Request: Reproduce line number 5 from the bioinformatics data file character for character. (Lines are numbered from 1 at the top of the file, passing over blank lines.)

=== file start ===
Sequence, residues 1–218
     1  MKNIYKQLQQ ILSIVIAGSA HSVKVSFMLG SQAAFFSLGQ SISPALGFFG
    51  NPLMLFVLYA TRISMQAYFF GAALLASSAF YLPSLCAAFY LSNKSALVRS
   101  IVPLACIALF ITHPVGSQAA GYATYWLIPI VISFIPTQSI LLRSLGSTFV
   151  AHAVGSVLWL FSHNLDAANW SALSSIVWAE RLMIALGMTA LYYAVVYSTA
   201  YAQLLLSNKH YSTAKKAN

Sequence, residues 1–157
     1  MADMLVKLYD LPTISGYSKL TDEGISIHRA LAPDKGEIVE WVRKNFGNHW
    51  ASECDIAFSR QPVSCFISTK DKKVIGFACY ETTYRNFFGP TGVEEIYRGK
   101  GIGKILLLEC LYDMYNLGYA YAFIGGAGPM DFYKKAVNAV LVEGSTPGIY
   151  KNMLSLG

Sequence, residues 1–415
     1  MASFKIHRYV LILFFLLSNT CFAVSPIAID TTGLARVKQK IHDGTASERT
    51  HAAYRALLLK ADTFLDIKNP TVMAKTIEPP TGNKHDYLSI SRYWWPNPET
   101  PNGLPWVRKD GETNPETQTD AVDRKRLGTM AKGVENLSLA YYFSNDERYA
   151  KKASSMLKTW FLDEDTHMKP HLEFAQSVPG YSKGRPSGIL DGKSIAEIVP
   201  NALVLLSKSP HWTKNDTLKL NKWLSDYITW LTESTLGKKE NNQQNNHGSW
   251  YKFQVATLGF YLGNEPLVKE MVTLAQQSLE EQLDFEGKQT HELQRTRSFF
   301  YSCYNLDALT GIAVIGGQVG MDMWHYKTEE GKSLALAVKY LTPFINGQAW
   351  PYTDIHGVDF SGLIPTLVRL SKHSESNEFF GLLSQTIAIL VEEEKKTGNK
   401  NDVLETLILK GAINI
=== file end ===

   151  AHAVGSVLWL FSHNLDAANW SALSSIVWAE RLMIALGMTA LYYAVVYSTA